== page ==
In the wet season, Bangladesh gets a lot of excess water from the rains and the rivers, but it's all draining away,Hossain said. A lot of government officials say that maybe we need to harness this, because we could be a surface water superpower.

This power could come through increasing freshwater availability to satisfy a huge demand for growing food, a primary source of revenue for the country, Hossain said. Improving the connectivity of rivers that have dried up and finding ways to store surplus water could help Bangladesh meet the water needs

Photo of man wearing a life perserver.
Faisal Hossain in the field. Credits: NASA/Faisal Hossain

The Bangladesh government continues to support the LOCSS project and has already invested $150,000 to install and maintain 76 water gauges. These gauges are then checked by citizen scientists. These volunteers maintain regular monitoring of the areas water resources.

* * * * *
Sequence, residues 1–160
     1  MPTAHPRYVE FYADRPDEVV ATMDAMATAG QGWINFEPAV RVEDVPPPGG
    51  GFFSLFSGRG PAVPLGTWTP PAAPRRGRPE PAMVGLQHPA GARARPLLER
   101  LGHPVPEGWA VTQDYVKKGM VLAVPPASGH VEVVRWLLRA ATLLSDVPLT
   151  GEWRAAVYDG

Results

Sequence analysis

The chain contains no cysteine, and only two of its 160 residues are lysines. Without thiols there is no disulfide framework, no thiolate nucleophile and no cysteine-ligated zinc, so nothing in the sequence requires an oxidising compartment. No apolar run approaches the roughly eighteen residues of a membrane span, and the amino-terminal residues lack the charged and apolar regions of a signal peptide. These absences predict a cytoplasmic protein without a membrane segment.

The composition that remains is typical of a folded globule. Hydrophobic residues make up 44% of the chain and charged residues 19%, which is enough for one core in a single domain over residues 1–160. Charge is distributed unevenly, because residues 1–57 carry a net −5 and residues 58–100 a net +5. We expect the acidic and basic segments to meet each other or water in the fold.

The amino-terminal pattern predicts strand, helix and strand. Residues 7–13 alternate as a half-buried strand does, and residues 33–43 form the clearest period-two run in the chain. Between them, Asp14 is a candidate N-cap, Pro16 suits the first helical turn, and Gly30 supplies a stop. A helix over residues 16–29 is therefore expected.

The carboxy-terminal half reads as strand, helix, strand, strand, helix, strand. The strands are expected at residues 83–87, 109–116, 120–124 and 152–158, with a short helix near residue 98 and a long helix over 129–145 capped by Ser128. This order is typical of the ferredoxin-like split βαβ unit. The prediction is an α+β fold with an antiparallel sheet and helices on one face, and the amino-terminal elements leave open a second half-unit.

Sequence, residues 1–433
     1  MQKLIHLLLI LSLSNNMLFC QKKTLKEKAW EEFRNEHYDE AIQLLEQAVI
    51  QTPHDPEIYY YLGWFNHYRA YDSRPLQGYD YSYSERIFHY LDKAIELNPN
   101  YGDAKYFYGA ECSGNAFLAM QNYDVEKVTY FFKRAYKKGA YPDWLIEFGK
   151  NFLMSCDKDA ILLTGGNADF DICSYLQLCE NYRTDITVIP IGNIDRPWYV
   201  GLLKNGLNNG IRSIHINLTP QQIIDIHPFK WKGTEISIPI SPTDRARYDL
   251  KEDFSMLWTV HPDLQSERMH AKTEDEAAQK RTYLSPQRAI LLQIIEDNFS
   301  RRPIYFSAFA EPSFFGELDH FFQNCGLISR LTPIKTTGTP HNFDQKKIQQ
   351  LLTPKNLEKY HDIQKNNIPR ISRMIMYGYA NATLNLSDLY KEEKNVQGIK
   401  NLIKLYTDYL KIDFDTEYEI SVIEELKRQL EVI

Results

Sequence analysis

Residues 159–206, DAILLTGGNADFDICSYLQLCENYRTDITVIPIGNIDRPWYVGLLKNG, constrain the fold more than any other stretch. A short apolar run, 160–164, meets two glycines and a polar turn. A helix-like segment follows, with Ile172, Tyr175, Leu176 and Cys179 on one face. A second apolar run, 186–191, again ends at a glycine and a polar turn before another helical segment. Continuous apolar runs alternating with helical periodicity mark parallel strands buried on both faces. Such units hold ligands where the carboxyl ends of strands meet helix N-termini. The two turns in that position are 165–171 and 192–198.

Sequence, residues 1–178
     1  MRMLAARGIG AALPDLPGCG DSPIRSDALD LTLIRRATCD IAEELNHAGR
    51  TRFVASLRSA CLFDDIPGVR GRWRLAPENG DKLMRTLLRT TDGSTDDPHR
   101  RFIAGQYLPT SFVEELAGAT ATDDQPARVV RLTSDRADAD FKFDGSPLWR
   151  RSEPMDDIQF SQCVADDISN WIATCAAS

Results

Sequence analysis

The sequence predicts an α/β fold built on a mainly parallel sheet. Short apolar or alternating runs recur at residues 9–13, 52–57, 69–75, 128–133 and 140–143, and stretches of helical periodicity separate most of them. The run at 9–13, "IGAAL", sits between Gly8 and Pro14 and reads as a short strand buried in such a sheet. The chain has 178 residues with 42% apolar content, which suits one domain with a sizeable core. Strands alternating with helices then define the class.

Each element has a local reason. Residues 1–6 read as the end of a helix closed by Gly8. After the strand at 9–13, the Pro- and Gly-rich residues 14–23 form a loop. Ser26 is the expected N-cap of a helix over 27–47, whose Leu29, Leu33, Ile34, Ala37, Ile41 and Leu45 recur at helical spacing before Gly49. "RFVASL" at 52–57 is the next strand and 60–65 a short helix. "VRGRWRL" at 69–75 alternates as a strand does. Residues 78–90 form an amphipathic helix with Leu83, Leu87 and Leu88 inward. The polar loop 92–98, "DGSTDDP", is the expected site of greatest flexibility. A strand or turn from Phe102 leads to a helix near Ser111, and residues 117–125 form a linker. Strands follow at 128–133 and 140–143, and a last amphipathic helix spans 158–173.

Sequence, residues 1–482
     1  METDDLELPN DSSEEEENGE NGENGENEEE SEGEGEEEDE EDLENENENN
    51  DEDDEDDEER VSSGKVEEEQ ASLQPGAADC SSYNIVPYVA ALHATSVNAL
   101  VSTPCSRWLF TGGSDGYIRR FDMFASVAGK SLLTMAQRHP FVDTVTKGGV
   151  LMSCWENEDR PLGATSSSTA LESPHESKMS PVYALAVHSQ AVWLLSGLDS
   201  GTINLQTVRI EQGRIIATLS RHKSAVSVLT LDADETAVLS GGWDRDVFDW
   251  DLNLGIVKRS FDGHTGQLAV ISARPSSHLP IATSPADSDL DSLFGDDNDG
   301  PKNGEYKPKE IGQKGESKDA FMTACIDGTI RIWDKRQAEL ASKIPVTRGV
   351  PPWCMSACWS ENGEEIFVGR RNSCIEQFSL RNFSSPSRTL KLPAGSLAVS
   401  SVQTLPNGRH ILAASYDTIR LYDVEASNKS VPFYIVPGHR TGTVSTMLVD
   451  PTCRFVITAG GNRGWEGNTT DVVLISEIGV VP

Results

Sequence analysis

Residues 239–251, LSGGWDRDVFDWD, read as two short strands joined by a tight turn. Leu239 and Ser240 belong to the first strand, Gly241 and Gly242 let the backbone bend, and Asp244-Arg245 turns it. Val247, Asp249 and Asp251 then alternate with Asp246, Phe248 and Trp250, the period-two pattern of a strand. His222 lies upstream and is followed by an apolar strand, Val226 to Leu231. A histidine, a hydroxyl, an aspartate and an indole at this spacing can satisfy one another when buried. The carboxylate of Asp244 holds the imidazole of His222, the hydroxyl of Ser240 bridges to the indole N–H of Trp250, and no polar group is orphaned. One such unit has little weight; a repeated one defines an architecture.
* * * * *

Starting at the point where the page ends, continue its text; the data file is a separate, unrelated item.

Using LOCSS, Hossain combines this on-the-ground data with data from satellites like the Landsat series of satellites and the U.S. and European Jason-3 satellite mission. Thanks to this work, the Bangladesh Water Development Board now knows that, on average, the northeastern flood-prone region stores 30 cubic kilometers of water. Thats about the same amount of water than whats in Lake Mead at full capacity. And this amount changes due to weather conditions.

Hossain and his collaborators were able to estimate that the 2022 historic floods brought that number up to 42 cubic kilometers. Also in 2022, the monsoon season brought devastating rains to Pakistan, putting about a third of the country underwater. Hossain says his team is bringing the techniques developed for Bangladesh to Pakistan and that planning is already underway to emulate the Bangladesh project to track water volume changes. Working with the Pakistan Council of Research in Water Resources, gauges were installed at two large lakes in Pakistans Sindh province. Thanks to the LOCSS project, Hossains team was able to use observations from these gauges to produce a preliminary estimate of the flood volume during the 2022 event that was not possible before.